Wages have had little or no effect on inflation in Australia over the past three years, according to a new economic analysis from a leading think tank.
While treasurer Jim Chalmers dismissed what he called “nure warnings” from commentators about the impact of rising wages, a report from the progressive think tank the Australia Institute found that rising corporate profits were a major factor in Australia’s spike in inflation.
In the report, released Monday, the institute analyzed national accounts data to show that rising corporate profits had been a major factor in inflation and that wages had “no contribution” to inflation in fiscal years 2019- 20 and 2020-21, contributing just 0.6% to inflation in Australia in this current fiscal year.
“Australia is not going through a wage-price spiral, it is at the beginning of a price-earnings spiral,” said Australia Institute chief economist Dr Richard Denniss.
“The national accounts show that it is rising profits, not rising costs, that are driving inflation in Australia. While employees are being asked to make sacrifices in the name of controlling inflation, the data makes it clear that it is the corporate sector that needs to tighten its belt.”
The report points out that wage growth was at an all-time low, while earnings share was a near-record share of GDP.
While wage growth has clearly not been the driving force behind recent increases in Australian inflation, or indeed inflation around the world, the continued impact of Covid and the surge in global energy prices linked to the Russian invasion of Ukraine clearly it is,” the report said. said.
Using a methodology recently used by the European Central Bank, the Australia Institute analyzed the GDP deflator — another measure of inflation in the economy, as opposed to the consumer price index (CPI) — to determine the role of profits and wages in determine the headlines. inflation number.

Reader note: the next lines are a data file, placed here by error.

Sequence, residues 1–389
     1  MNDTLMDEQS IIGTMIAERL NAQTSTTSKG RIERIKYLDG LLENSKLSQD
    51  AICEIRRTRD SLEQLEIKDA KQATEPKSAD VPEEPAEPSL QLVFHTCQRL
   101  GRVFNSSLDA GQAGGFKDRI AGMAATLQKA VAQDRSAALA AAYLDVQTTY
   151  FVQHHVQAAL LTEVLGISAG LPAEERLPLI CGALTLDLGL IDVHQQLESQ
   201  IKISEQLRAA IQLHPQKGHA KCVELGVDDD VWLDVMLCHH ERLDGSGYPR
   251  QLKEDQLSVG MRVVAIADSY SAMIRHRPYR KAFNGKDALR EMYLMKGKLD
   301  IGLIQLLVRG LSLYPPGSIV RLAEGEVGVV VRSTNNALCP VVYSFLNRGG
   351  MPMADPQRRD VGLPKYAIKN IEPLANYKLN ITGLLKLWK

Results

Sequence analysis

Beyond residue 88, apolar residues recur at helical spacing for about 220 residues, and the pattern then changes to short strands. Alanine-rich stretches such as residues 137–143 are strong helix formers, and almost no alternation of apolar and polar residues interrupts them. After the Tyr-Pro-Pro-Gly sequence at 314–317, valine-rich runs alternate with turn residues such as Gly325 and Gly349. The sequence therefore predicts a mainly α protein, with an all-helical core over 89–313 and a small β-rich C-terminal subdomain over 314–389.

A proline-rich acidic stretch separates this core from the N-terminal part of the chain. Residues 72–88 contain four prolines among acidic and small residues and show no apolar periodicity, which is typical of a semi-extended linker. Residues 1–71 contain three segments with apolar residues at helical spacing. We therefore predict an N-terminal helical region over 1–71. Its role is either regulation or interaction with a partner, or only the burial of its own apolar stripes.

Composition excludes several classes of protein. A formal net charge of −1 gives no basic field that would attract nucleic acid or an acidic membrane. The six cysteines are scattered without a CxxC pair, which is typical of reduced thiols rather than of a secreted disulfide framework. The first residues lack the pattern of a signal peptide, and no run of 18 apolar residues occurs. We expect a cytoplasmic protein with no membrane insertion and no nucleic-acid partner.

The report found that between 2013 and 2021 in Australia, labor costs “played almost no role in inflation (as measured by the GDP deflator)”.
That included a zero effect of wages on inflation over the past two years and a small effect this fiscal year.
“Meanwhile, gains accounted for 2.5 percentage points of the rise in the GDP deflator (about 60 percent of the total),” the Australia Institute said.
The report noted that prices rose faster than wages and other costs, leading to continued gains in profit share.
“Raising prices in line with or above rising costs is a choice to maintain or increase profit margins in Australia, even though the profit share of GDP is at a near record high,” it said.
The trade-off between wages and inflation became a major factor in the final weeks of the May election campaign, following the Labor Party’s commitment to lobby the Fair Work Commission for minimum wage increases.
Business groups and some economists argued that accelerating wages would exacerbate inflation, but Labor – in the opposition and now in government – insisted modest wage increases would have no significant inflationary effect.
Chalmers, speaking to Sky News on Sunday, reiterated that position again.
“Wages are not the reason why we have this inflation. And so I don’t share some of the concerns that have been expressed about some sort of destructive wage spiral,” he said.
“We still have a decent decline in real wages. We want to see those wages grow sustainably. And that means making the economy more productive, so there are a lot of win-wins for employers and employees and we can raise the standard of living.”
“I don’t share any of those kind of rather serious warnings about that.”
Chalmers reaffirmed the government’s belief that productivity growth is the key to sustainable wage increases, saying it would be a factor in the upcoming jobs summit to be held in Canberra.
“What we hope the Jobs and Skills Summit will do is bring people together around these major economic challenges,” he said.
“We are not naive enough to think that there will be a consensus on some of these issues, including some issues of wages. But we hope and expect and we want to see some kind of consensus emerge about skills and labor shortages and strong and sustainable wage growth and training and migration.”
Chalmers said he expected “inflation will get a little worse before it gets a little better. But everyone understands it will get better.”